“Look well to the spine for
the cause of disease.”
“There is a vast difference
between treating the effects
and adjusting the cause.”
Dr. D.D. Palmer
"THE DOCTOR OF THE FUTURE WILL GIVE NO MEDICINE BUT
WILL INTEREST HIS PATIENTS IN THE CARE OF THE HUMAN FRAME,
IN DIET AND THE CAUSE AND PREVENTION OF DISEASE"
WEALTH IS HEALTH"
"THE NERVOUS SYSTEM CONTROLS AND COORDINATES
ALL ORGANS AND STRUCTURES OF THE HUMAN BODY"
HAVE YOU EVER HEARD OF A
NEITHER HAVE WE.
TAKE CARE OF THE ONE YOU HAVE.
Actually, the weather has nothing to do with your aching joints
It's long been thought episodes of both back pain and arthritis can be triggered by changes in the weather, including temperature, humidity, air pressure, wind direction and precipitation, but researchers now say that it isn't so. It’s official (again): Changes in weather aren’t to blame for body aches — no matter how insistently relatives rant that rain or wind or heat wreaks havoc with their back and joints. Such complaints have been going on for centuries, but they weren’t true then and they’re not true now, per scientists at Australia’s George Institute for Global Health. Various studies prove it. Sorry, Grammy and Gramps and everyone else who likes to fault Mother Nature.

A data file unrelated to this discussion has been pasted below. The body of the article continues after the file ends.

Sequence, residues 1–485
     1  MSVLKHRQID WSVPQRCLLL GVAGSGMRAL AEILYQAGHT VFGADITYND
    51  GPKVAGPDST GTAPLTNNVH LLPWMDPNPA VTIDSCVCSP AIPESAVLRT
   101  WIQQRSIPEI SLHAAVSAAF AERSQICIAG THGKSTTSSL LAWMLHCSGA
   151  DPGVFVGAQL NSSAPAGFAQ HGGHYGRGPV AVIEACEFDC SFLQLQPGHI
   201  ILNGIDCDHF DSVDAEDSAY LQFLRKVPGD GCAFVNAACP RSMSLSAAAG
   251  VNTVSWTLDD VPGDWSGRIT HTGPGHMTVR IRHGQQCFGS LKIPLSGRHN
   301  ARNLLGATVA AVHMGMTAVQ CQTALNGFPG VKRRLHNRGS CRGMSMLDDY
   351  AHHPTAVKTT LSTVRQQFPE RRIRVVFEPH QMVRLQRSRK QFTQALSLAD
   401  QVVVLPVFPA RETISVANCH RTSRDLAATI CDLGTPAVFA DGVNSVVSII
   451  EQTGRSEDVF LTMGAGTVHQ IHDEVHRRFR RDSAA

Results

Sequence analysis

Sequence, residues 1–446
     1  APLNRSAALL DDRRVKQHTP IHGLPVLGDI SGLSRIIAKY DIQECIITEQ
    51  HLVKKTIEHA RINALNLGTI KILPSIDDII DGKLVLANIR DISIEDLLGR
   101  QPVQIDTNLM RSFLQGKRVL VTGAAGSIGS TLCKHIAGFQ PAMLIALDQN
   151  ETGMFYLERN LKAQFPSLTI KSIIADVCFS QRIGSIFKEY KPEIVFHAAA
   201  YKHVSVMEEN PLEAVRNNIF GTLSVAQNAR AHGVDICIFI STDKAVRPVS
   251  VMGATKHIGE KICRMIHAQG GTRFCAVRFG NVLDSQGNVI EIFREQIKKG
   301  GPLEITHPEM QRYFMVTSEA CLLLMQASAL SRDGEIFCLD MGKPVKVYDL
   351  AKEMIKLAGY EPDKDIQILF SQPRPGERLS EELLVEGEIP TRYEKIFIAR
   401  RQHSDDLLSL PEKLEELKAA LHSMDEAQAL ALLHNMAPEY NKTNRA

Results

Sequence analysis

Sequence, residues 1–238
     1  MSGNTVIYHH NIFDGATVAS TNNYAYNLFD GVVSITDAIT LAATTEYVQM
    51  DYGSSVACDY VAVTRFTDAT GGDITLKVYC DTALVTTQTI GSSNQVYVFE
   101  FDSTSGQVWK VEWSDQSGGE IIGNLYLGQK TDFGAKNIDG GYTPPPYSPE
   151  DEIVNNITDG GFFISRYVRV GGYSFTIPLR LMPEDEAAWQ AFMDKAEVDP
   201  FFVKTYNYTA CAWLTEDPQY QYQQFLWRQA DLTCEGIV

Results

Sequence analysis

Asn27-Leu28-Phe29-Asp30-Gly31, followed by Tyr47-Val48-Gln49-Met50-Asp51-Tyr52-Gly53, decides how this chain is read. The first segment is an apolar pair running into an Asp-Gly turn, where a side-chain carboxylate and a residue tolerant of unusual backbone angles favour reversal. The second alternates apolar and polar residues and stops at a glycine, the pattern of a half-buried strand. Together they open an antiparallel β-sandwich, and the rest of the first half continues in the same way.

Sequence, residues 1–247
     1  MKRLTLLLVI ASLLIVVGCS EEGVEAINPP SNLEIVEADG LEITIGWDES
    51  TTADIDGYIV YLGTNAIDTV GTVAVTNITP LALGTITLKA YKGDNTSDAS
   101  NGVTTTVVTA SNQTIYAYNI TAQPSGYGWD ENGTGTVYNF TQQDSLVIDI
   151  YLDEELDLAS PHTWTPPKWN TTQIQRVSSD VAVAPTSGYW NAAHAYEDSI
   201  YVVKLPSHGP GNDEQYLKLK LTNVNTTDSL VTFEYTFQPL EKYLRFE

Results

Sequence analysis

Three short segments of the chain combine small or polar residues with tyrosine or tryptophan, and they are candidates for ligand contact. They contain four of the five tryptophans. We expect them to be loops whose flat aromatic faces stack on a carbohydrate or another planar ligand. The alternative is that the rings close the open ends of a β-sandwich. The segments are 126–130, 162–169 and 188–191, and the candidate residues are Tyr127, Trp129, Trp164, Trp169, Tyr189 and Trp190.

George researchers surveyed 1,350 subjects with lower back pain or osteoarthritis to compare the weather at the time people first noticed pain with weather conditions — temperature, humidity, air pressure, wind direction and precipitation — one week and one month before the onset of pain. The conclusion: “There is absolutely no link between pain and the weather in these conditions.” Pretty unequivocal.
In a previous study, the Institute reached the same conclusion and was met with a storm of criticism on social media. Chris Maher, Ph.D., head of George’s musculoskeletal division, expects more of the same reaction since people are more likely to note pain when it’s cold and rainy but ignore discomfort when it’s mild and sunny.
People like to look for patterns in events in their life, Maher told the Daily News. “That trait can have a benefit, and is how our knowledge about the world arises,” he said. “Problem is people are fallible and can get it wrong. In the case of inclement weather triggering aches and pains, it is time to let go of that belief.”
Source: George Institute for Global Health. "Weather's not to blame for your aches and pains." Science Daily. ScienceDaily, 10 January 2017.